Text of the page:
To any budding writers out there, I thoroughly recommend Steven King’s book, “On Writing”. It is partly anecdotal, and relates the interesting story of how he rose from a struggling writer, earning barely enough to put food on the table, to one of the most successful writers of our age. It is an inspiring story, by any standards.
In the second half of his book, he gets down to the ‘nitty-gritty’ of writing and it is packed with excellent tips and advice.
One of his ‘messages’, which I was intrigued to read, was that generally speaking, creative writing schools are a waste of time and achieve nothing. This was a comfort to me, as I have always had grave doubts about their value. I have always felt you either ‘have it’ or you haven’t, and no amount of writing schools or creative writing lectures is going to change a hack writer into a great writer.
However, King provides a large list of tips; for example, when to use passive verbs and always use direct dialogue rather than reported dialogue etc. These and many other items of advice are invaluable to authors who wish to improve their writing and to make their novels more appealing to the reading public.
I was quite chuffed to note that I was already applying many of his ‘tips’ to my own writing and I was particularly pleased to read that by far and away his strongest recommendation to all aspiring writers is to read, read and read. This is something I still don’t do enough of, but nevertheless I have probably read more than most in my life. In my younger days I was a prolific reader.
He maintains that the best way to improve your writing skills is to read books by successful authors. This includes the classics as well as notable authors from the 20th and 21st Century.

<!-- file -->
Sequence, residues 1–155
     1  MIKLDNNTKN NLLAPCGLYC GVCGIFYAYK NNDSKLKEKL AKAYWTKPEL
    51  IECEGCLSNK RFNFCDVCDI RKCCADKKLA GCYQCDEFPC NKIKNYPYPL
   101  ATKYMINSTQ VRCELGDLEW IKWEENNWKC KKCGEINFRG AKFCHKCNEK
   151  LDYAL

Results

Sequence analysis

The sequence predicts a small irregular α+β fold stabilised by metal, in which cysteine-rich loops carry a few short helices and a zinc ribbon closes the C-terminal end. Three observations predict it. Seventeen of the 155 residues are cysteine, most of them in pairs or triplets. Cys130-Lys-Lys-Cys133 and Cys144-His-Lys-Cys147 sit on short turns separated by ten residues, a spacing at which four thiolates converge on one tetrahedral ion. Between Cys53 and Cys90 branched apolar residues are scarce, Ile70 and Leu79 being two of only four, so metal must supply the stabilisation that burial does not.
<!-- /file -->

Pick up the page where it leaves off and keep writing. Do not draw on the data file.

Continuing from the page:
King provides an eclectic list of books and authors from all over the world which he has been reading in recent years. The list includes acknowledged literary greats as well as popular books which are not particularly noted for their literary merit but were nevertheless extremely successful. (e.g. the Harry Potter series).
I was also delighted to see that King’s long list also included a number of my own favourite authors, which seems to confirm that I am on the right path.
One of King’s recommended readings is ‘Lolita’, by the Russian author, Vladimir Nabokov. The book was originally published in Paris in 1955, in New York in 1958 and finally in London in 1959.
The novel caused sensational headlines when it was first published, which is why it took 4 years before a publisher in England dared to take it on.
Yet Lolita, the story of a 38-year-old literary professor who is obsessed with a 12 year old girl with whom he becomes sexually involved, is now acknowledged as one of the finest books written in the 20th century. (Time magazine’s lists Lolita in it’s 100 best English language novels, and the novel is high in many notable lists of best novels of the 20th Century.)
Believe it or not, Lolita contains less overt sexual content than even my own book, Azzy, which by no stretch of the imagination is a hard-core sex book, and also doesn’t contain any explicit sex.
To those who have not read Lolita, let me assure that the author, who writes in the first person, never glorifies his deviant desires. From the start he admits he is wrong and deserves to be punished.